Photo Attorney

Jun 29, 2005

Infringement Nightmare - Morals to the Story

True Story:

A photographer recently settled for $275,000 with the Dallas Cowboys after the Cowboys used one of his pictures on clothing and other merchandise without permission. But after the settlement was reached, the Cowboys barred the photographer from ever working in Texas Stadium where the Cowboys play.

The photographer had given a digital file of a photograph to the Cowboys who considered it for use on season tickets. The Cowboys then bought only 250 copies to resell as prints to the public. Later, the Cowboys used the same image on clothing and other items, without getting permission from the photographer for the additional usage.

The photographer had not registered his photo with the U.S. Copyright Office.

When the photographer discovered the infringements and inquired about it, the Cowboys offered him $1,000 in merchandise gift certificates. After trying to negotiate a settlement on his own for about a year, he hired a lawyer. Three years later, a settlement was reached.

Morals of the story:

  • Many infringements come from uses beyond that agreed to. The infringements can come from uses on different products, for longer terms, in extra forms such as print or electronic, in other locations, etc. Watch your client's use of your work closely.
  • Register your images with the U.S. Copyright Office before you give, or within three months of giving, them to a client.
  • Even if you haven't registered your photographs with the U.S. Copyright Office, you are entitled to actual damages from infringements. They can be hard to prove, but sometimes they can add up to substantial sums.
  • While you may be a good negotiator, it can help to have a lawyer to give weight to your position.
  • If you have to sue a client, you probably won't get work from that client again.
  • Legal matters can take time; be patient for your rewards.

Take my advice; get professional help.
PhotoAttorney

Jun 22, 2005

Copyright Notice - Not Required But Helpful

You'll often see a copyright "notice" - the familiar © or the word "copyright" with a date and name of the copyright owner - posted on works of authorship. This copyright notice is no longer required for copyright protection, but it may be a good idea to use it.

Copyright is a legal form of protection granted by the U.S. Constitution for original works of authorship. Things such as books, plays, music, photographs and even websites are protected by copyright law.

If you use the copyright notice, it may stop someone from stealing your work, either because it reminds them that the work is protected or because the notice interferes with their use of the work. Also, it helps to post a copyright notice on your work because the infringer then can't say the use was innocent. You can even use the copyright notice without registering your work with the U.S. Copyright Office, but there are many other reasons why you should register your work.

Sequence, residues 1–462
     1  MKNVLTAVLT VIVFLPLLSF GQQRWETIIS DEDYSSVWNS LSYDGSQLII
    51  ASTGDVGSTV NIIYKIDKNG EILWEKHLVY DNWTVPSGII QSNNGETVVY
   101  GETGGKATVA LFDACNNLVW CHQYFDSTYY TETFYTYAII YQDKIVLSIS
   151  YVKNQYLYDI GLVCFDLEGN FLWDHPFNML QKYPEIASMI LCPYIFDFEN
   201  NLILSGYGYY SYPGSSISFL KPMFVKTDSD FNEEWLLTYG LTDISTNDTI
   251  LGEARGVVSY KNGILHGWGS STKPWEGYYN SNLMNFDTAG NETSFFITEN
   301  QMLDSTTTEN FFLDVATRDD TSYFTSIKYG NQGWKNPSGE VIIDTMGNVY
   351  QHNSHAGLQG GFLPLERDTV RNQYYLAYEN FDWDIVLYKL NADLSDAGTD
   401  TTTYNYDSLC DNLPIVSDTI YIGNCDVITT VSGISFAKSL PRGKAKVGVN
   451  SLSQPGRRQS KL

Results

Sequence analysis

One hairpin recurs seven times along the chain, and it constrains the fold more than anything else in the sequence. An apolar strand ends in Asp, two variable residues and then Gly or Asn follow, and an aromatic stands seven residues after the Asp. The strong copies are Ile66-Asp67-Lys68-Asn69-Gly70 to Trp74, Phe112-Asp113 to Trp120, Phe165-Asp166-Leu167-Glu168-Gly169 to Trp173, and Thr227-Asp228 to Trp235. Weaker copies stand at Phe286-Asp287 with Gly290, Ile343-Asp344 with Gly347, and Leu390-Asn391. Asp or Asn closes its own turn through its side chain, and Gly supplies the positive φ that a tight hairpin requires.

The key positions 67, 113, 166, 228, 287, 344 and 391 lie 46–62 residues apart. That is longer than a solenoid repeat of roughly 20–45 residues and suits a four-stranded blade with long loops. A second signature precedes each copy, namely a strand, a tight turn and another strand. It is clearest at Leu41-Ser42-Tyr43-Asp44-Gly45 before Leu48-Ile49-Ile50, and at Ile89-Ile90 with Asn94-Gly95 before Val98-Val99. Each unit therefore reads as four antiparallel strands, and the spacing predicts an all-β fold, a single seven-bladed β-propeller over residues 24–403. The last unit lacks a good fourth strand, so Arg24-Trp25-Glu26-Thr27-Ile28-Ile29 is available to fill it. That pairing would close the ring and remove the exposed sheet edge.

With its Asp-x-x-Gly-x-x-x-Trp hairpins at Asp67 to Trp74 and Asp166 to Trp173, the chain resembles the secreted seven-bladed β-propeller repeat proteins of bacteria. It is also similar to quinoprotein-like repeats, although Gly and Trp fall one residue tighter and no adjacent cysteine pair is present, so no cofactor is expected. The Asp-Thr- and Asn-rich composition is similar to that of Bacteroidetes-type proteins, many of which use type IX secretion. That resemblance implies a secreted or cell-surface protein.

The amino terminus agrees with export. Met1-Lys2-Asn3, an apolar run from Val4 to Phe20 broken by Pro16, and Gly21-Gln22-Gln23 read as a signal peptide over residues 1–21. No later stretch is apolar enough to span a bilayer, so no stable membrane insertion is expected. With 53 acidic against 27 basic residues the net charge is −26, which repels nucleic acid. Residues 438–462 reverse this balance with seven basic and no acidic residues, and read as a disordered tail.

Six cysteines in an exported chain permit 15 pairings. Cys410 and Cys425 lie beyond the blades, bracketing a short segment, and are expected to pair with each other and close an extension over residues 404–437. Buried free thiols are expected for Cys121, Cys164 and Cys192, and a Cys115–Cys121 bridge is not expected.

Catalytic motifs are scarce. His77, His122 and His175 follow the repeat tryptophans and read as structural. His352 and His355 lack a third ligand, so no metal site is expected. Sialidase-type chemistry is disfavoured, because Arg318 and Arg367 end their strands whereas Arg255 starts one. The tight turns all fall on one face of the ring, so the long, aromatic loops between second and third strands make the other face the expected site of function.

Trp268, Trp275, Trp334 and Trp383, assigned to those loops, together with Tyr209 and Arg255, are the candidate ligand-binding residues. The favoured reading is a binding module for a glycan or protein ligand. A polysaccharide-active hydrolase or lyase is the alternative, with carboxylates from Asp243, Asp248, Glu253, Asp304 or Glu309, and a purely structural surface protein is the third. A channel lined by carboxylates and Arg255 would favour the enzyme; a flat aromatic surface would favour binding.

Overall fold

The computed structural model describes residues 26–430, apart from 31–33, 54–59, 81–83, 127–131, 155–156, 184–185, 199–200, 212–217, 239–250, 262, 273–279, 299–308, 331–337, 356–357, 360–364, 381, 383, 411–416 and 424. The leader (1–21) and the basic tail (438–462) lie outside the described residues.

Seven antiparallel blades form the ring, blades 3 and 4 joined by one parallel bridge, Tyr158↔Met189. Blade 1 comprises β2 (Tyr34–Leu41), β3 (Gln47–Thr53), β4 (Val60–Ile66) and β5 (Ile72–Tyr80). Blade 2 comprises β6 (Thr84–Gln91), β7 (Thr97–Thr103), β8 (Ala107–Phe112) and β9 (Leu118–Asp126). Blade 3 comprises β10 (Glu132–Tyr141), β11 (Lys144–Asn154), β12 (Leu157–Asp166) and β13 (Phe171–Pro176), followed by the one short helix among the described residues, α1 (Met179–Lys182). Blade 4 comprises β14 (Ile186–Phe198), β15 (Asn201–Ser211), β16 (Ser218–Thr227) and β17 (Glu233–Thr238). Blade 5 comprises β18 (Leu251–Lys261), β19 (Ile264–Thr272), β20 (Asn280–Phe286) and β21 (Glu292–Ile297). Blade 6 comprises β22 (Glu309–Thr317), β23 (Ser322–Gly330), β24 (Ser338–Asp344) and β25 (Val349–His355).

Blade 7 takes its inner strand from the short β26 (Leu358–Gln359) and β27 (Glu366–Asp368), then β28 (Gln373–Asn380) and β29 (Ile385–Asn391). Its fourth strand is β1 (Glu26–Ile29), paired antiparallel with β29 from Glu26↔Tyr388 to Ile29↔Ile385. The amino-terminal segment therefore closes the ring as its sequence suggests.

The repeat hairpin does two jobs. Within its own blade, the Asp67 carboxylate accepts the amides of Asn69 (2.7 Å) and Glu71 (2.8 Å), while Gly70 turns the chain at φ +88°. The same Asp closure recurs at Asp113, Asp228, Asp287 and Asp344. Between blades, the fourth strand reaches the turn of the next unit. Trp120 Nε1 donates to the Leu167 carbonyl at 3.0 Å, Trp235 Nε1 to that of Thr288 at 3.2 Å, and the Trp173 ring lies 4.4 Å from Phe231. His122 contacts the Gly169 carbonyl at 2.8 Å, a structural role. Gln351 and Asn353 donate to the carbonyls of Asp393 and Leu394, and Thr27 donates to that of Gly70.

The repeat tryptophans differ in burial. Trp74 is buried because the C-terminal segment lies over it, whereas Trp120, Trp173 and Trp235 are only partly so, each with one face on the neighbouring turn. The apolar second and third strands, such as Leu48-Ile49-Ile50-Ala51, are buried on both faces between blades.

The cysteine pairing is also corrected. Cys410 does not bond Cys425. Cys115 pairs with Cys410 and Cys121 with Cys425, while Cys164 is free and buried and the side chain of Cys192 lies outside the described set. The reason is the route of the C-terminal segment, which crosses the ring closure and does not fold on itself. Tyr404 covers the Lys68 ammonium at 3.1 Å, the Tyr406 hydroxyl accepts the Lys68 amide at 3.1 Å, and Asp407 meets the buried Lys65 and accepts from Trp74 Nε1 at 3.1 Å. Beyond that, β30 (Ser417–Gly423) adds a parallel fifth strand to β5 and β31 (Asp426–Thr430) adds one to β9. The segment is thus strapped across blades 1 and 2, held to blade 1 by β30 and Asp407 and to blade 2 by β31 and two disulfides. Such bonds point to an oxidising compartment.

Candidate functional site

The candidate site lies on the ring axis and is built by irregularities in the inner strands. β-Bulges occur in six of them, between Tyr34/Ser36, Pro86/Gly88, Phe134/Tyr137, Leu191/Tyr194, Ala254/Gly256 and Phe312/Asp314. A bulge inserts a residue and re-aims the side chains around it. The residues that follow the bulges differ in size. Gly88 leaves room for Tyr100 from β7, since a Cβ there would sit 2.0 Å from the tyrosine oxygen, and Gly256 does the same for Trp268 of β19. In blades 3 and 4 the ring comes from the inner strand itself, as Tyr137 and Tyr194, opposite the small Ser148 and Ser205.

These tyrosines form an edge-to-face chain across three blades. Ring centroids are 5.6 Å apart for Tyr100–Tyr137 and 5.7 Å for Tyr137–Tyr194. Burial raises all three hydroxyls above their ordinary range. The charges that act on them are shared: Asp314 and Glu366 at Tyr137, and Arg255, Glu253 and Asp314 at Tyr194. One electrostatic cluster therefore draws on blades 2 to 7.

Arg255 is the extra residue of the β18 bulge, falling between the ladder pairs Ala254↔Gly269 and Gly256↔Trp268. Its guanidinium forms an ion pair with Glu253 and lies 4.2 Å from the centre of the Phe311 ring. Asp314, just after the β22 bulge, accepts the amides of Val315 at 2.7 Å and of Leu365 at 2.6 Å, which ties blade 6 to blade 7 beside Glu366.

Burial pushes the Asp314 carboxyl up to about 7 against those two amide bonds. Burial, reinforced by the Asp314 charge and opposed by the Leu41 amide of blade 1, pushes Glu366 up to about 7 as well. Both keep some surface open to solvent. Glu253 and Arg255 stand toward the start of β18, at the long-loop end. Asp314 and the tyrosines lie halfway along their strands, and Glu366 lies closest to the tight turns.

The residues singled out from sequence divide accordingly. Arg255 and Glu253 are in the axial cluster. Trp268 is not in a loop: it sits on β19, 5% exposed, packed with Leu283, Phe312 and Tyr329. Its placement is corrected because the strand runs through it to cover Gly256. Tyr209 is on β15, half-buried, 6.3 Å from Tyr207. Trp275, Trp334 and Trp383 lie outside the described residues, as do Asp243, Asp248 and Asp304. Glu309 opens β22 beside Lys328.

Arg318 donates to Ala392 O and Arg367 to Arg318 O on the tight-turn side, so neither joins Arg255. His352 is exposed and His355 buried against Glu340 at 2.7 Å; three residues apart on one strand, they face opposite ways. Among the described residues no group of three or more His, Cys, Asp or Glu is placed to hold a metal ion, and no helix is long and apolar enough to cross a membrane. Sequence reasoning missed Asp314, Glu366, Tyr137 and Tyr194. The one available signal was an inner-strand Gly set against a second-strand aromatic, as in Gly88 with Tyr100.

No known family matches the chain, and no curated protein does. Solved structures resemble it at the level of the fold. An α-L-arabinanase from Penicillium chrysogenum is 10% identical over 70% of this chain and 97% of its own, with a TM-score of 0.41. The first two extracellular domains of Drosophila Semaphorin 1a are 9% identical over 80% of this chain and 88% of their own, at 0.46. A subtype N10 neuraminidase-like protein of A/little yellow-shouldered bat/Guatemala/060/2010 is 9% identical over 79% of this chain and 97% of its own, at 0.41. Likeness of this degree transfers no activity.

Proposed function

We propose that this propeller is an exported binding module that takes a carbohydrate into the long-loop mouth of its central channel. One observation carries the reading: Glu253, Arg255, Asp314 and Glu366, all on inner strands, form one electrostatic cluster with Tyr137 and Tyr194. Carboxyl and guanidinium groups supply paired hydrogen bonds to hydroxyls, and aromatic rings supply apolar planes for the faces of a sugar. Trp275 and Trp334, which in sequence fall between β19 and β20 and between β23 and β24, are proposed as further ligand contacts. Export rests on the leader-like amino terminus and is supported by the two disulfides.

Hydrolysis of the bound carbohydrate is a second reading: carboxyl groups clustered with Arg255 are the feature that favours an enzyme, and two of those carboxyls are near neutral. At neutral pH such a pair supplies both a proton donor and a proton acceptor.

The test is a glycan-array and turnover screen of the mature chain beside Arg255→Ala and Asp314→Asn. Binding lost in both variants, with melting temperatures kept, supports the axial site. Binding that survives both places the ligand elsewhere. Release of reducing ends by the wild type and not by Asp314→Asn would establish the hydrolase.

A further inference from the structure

If you have a website to show your photographs, it likewise is helpful to post a copyright notice on your website's pages. Again, there are no specific requirements for the notice or no certain language is needed for copyright protection for your photos on your website or even the website itself. One caveat - the words "All Rights Reserved" are needed for protection in places like South America, but it's difficult to prosecute your images there anyway.

It's odd that a company (whose owners are not lawyers) would "license" copyright language for others to use on their websites for $9.95, when nothing is required for protection. Put what you want on your website. Put only the basic notice like this: Copyright 2007 Carolyn E. Wright All Rights Reserved. Or, be more aggressive and use the language I use on my photography websites:

  • All photographs appearing on this site are the property of Carolyn Wright Photography. They are protected by U.S. Copyright Laws, and are not to be downloaded or reproduced in any way without the written permission of Carolyn Wright Photography. Copyright 2007 Carolyn E. Wright All Rights Reserved.

Feel free to copy and use that statement at no charge from me. Instead, take the $9.95 that you would have spent on licensing copyright language and put it towards registering your website and photographs. You'll be better off in the long run.

Take my advice; get professional help.
PhotoAttorney®

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Jun 17, 2005

Joint Copyright Issues - When You Work With Someone Else

In general, when the shutter on a camera is tripped to make a photo, the photographer who pressed the button owns the copyright. But photographers often work with others when making their photographs, such as the art director, stylist, assistant or even the Photoshop editor. So does that person get to share with the photographer the copyright of the photograph? It depends.

Unless it is agreed to in writing, if the work done by the other person would not qualify on its own to be copyrightable - such as when the art director has the "idea" to place the model on the hood of a red car - then the copyright is not jointly held. Neither will a copyright for a photograph automatically be deemed shared even though the contributors intended to create a "unified" work. Note that these rules do not apply to the "work for hire" scenario or when you are transferring a copyright.